Psychiatric Manifestations of Paraneoplastic Disorders

Paraneoplastic disorders can lead to severe psychiatric and behavioural symptoms. Paraneoplastic limbic encephalitis (PLE) is a rare neurological syndrome associated with cancer, and selectively affects limbic system structures, including the hippocampus, hypothalamus, and amygdala.[1] The encephalitis is caused by an altered immunologic response to a malignancy that has antigens that resemble limbic antigens. The inflammatory response, however, occurs away from the original neoplasm site.[2]

The autoantibody response can be psychiatric in nature, and includes:

  • NMDAR-antibody encephalitis, associated with ovarian teratomas in younger women
  • Ophelia syndrome, associated with surface-directed mGluR5-antibodies, seen in patients with Hodgkin’s lymphoma
  • Anti-neuronal nuclear antibody-1 (ANNA-1), also known as anti-Hu paraneoplastic encephalomyelitis, associated with small cell lung cancer in 75% of cases (other tumours include lung, prostate, breast, bladder, GI tract, ovary, neuroendocrine, unknown origin), most commonly in men.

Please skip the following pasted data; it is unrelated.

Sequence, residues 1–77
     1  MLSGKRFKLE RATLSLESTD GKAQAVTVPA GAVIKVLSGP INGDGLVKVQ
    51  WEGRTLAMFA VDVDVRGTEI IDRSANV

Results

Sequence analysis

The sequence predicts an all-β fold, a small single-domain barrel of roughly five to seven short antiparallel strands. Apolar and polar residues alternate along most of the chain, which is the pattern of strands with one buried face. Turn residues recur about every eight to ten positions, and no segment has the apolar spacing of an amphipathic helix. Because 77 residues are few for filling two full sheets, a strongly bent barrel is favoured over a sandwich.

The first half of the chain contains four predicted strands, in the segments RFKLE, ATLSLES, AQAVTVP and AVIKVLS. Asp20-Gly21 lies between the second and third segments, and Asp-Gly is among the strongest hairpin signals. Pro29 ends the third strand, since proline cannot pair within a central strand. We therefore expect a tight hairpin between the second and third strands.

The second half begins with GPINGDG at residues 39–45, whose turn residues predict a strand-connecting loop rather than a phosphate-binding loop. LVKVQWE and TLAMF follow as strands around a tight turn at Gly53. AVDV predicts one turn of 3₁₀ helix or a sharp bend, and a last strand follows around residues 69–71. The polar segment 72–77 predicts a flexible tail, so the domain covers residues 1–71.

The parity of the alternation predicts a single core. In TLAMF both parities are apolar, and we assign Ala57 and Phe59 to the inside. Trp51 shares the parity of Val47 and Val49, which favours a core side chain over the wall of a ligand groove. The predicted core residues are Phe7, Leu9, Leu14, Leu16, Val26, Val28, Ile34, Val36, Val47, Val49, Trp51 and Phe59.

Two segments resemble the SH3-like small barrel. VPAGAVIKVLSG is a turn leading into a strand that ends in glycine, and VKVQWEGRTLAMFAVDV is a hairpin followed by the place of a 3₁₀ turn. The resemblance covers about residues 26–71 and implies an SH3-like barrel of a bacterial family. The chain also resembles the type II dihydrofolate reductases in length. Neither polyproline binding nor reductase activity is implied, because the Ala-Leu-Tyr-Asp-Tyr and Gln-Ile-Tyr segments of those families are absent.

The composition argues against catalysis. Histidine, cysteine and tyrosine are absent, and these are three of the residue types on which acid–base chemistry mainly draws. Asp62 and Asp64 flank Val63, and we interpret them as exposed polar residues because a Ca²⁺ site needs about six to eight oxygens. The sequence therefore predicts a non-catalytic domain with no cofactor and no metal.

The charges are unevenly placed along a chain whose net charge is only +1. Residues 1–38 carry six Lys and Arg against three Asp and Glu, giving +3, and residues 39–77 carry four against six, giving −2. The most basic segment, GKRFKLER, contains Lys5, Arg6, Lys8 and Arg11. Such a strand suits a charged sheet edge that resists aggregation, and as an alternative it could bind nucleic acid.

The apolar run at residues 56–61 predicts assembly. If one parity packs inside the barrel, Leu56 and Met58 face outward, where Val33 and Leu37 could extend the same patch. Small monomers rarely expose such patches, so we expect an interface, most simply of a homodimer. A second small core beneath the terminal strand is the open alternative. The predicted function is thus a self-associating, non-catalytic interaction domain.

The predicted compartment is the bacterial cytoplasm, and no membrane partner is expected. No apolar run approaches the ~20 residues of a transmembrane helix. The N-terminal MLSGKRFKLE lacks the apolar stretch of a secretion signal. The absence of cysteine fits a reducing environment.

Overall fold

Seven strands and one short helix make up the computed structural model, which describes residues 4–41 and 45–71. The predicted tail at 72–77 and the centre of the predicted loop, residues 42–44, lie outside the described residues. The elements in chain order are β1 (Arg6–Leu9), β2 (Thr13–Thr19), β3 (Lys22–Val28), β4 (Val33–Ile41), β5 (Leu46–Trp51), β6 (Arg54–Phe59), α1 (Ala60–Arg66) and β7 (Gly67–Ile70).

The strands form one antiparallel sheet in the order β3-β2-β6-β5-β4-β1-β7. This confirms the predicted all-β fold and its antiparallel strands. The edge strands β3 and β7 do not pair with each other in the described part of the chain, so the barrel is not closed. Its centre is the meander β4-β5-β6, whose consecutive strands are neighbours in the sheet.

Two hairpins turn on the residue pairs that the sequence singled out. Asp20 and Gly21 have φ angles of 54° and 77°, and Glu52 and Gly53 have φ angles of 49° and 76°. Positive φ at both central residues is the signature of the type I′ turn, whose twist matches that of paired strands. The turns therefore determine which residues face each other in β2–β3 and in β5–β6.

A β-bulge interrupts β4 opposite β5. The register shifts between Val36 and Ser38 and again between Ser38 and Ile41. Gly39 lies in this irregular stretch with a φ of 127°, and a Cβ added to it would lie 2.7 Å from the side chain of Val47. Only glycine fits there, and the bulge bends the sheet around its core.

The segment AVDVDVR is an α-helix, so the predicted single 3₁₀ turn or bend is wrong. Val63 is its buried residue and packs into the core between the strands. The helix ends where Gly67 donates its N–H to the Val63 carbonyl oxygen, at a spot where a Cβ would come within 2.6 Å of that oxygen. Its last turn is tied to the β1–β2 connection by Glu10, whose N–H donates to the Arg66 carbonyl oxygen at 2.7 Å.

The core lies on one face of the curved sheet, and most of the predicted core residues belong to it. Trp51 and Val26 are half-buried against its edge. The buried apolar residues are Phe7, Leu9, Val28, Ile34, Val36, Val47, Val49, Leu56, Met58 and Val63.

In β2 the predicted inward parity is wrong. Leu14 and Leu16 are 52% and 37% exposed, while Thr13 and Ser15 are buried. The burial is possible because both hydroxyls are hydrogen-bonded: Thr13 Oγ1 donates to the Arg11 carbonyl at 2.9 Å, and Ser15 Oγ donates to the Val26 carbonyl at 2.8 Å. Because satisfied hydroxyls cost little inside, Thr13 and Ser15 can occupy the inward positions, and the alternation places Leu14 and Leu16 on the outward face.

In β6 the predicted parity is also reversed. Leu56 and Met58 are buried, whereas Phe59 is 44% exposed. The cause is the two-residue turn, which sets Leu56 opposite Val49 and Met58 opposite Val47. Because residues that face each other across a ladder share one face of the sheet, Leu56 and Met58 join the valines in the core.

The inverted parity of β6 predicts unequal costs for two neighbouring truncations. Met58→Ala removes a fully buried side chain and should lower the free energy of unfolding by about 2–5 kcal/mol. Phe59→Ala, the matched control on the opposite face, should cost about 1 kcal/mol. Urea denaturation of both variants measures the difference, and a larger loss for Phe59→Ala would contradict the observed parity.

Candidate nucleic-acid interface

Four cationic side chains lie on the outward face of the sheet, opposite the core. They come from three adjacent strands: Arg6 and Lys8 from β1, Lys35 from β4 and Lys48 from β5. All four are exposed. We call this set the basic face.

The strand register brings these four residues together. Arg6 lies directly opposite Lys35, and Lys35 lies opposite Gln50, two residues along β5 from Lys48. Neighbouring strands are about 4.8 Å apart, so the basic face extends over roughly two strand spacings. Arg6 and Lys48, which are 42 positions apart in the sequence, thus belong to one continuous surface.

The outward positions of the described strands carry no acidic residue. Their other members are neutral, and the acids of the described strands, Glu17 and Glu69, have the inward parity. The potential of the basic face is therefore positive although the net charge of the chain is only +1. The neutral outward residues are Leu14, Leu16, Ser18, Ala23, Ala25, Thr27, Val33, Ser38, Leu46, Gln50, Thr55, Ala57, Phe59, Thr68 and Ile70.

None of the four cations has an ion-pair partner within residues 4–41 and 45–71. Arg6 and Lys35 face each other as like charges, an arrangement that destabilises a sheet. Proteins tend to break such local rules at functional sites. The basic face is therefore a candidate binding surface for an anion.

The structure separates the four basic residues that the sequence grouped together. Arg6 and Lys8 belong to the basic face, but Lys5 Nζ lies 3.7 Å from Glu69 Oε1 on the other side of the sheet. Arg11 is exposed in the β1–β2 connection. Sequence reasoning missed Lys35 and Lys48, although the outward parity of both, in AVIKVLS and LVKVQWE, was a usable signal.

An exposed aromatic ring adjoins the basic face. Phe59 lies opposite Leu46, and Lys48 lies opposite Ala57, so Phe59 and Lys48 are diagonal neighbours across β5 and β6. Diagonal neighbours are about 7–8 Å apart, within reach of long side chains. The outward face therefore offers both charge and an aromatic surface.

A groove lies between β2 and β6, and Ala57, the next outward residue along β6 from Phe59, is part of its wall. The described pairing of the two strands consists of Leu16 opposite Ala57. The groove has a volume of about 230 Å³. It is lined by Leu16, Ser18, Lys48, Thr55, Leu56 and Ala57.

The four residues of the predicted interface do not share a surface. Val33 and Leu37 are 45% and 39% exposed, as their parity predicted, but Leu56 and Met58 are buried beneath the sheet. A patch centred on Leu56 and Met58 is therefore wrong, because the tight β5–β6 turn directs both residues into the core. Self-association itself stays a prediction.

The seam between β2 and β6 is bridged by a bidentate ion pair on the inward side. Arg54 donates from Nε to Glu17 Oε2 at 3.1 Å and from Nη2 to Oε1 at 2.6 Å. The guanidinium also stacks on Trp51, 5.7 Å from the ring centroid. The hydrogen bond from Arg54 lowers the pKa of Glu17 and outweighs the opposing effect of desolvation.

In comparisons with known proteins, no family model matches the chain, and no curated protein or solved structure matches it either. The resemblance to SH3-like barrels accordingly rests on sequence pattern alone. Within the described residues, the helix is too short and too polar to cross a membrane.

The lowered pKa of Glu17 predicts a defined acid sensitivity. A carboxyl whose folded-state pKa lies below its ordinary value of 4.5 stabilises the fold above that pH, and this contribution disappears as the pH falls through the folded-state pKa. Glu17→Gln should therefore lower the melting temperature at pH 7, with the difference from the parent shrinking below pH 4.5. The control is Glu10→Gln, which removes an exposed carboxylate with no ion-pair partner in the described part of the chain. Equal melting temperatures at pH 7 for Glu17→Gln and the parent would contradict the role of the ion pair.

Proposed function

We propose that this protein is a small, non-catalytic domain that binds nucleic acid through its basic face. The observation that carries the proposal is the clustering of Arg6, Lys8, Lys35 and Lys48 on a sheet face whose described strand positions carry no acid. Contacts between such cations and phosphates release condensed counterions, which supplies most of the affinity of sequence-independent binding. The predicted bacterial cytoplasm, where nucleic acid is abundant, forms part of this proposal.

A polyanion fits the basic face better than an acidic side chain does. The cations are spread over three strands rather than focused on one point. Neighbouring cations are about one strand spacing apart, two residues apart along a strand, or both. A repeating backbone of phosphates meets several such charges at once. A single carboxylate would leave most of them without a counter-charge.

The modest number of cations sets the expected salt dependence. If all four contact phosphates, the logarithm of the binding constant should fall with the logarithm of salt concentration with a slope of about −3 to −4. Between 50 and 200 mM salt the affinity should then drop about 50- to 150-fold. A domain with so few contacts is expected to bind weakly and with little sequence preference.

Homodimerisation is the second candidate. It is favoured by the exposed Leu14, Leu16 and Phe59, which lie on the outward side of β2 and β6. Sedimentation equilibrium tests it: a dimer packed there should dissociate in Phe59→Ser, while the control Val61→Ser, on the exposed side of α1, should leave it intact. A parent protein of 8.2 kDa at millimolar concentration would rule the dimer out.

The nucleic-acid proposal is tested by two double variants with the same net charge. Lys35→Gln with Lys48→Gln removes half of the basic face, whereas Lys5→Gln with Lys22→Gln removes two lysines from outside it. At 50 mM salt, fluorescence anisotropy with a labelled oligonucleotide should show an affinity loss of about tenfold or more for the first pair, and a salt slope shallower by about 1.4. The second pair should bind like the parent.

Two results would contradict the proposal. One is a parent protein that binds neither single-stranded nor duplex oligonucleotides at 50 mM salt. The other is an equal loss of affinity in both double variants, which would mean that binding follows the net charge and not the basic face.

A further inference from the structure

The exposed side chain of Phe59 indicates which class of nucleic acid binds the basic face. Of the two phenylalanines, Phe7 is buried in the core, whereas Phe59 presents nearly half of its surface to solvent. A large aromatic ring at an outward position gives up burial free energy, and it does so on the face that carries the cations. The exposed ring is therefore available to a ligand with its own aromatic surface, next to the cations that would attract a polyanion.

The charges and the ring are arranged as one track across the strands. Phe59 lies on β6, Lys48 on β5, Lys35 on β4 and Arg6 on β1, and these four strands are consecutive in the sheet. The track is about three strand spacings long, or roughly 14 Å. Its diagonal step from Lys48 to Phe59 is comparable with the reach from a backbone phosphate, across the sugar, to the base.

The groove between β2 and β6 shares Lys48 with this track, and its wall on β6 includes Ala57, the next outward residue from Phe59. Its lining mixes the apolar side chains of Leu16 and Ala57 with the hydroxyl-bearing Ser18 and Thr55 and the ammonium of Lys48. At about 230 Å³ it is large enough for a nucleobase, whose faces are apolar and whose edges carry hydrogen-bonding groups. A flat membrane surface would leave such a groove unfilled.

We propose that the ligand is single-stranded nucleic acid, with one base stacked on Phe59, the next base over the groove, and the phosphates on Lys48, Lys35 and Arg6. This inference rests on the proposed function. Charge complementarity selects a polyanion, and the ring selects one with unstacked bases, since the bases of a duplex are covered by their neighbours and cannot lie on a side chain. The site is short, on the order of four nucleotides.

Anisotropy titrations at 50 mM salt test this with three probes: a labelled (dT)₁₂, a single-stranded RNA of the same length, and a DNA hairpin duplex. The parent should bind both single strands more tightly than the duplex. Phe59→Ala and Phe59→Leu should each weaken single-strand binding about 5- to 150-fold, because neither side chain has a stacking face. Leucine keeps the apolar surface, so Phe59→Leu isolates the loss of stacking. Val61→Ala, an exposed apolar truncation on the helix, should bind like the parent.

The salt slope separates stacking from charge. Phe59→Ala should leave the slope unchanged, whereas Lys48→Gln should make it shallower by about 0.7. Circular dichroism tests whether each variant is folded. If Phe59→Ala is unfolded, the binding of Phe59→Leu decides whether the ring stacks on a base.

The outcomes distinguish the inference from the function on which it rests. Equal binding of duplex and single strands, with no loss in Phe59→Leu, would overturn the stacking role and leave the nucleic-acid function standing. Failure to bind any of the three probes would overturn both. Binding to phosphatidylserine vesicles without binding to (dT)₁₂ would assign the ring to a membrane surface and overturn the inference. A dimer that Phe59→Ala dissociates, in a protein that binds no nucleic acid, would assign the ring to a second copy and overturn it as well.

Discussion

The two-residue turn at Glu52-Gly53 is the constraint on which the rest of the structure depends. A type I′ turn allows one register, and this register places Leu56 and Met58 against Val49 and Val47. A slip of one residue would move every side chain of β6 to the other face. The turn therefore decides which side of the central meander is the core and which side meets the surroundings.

• AMPA receptor antibodies, associated with lung, breast, thymus, ovarian tumours.
  • Individuals with a personal or family cancer history, smoking history, should be worked up for paraneoplastic involvement.
    • The most common tumours associated with paraneoplastic limbic encephalopathy are small cell lung cancer (SCLC) (about 75% of cases), germ-cell tumours (ovarian or testicular), thymoma, Hodgkin's lymphoma, and breast cancer.
  • The most common symptoms are a subacute cognitive (primarily amnestic) syndrome.
  • Depression, anxiety, personality changes, and emotional lability can often precede the cognitive impairment.
  • CSF evidence of inflammation
  • Elevated tumor markers (e.g. - CEA, CA-125, PSA)